Q: The way in which “video” has become the common designation for any moving image strikes me as a source of some really odd usage, such as this recent headline from Time online: “Why Newly Discovered Video Footage of Franklin D. Roosevelt Walking Is a Big Deal.” However, the 1935 moving image of FDR, whatever we call it, is indeed fascinating.
A: You’ll be surprised to hear this, but the word “video” was indeed used to describe film when Franklin D. Roosevelt was in the White House.
The phrase “video film,” for example, could describe either “cinematographic film used to pre-record television programmes” or “a cinematographic film of a television broadcast,” according to the Oxford English Dictionary.
The earliest OED example is from the Feb. 15, 1939, issue of Broadcasting magazine: “New video film. Paramount Pictures … has developed a special soft process negative for television reproduction.”
And the phrase “video drama” was used during World War II for “a dramatic production written or adapted for television.” Oxford cites this headline from the Feb. 23, 1942, issue of Broadcasting: “First video drama.”
In fact, the noun “video” was used attributively (that is, adjectivally) as far back as the mid-1930s to describe TV images or broadcasting, as in this example from the September 1935 issue of Discovery, a London journal:
“They are providing ever better products and service to enable the listening public to get more enjoyment from the ‘audio’ programmes … and will be ready to cater for those who wish … to see such ‘video’ items as may become available.”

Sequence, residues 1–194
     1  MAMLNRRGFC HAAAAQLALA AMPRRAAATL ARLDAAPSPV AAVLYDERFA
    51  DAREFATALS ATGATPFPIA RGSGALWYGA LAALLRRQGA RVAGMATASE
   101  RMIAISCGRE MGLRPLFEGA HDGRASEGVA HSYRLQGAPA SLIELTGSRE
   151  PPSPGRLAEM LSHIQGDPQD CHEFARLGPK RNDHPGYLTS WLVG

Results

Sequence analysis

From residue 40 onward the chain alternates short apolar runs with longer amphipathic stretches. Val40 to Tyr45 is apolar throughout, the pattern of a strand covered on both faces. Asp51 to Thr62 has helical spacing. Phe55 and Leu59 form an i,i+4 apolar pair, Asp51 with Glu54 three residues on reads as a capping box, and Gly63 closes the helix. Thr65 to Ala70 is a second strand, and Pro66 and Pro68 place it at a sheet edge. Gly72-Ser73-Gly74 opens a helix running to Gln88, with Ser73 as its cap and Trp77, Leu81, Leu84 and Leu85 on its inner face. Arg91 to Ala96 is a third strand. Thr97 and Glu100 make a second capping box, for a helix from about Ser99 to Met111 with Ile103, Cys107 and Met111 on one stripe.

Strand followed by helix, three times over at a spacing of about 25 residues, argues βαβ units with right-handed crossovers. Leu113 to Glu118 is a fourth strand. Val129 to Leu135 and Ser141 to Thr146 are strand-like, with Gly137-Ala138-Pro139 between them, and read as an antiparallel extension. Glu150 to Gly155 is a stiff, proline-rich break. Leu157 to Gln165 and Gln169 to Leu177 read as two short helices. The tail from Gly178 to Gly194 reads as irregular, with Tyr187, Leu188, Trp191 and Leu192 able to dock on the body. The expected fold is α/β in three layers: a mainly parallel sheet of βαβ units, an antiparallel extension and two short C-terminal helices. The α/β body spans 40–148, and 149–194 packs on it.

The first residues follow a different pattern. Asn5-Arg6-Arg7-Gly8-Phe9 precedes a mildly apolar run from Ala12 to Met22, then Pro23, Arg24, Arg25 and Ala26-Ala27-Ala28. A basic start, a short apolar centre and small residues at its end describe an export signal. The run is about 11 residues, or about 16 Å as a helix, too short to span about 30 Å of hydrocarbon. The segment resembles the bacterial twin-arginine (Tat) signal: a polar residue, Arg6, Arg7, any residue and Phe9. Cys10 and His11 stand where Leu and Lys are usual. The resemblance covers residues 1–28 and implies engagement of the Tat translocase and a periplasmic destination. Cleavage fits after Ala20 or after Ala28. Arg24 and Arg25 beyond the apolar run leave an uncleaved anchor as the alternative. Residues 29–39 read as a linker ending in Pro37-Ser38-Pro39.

The OED, an etymological dictionary based on historical evidence, describes these early “video” senses as “rare” or “disused,” and it doesn’t include the contemporary use of the word to mean any moving image.
Oxford Dictionaries Online, a standard dictionary that focuses on contemporary usage, defines the noun “video” more loosely as the “recording, reproducing, or broadcasting of moving visual images.”
However, the dictionary’s examples generally use “video” in its usual modern sense, a digital or tape recording. Here’s an example of the noun used attributively: “a site on which people can post their own video clips.”
As technology evolves, so does language. We wouldn’t be surprised if “video” is eventually accepted as an all-embracing term for any moving visual image. For now, though, we’d use “film” to describe a moving image captured on celluloid.
Interestingly, the verb “film” is now often used in the sense of making videos, as in this Oxford Online example: “Throughout his busy day, Paul finds time to look for Harry but also to film a video, record some songs, and daydream.”
The word “video” ultimately comes from the classical Latin verb vidēre (to see). The word “film” evolved from filmen, Old English for a thin layer of animal or plant tissue, as we explained in a 2018 post on the history of the various terms for a motion picture.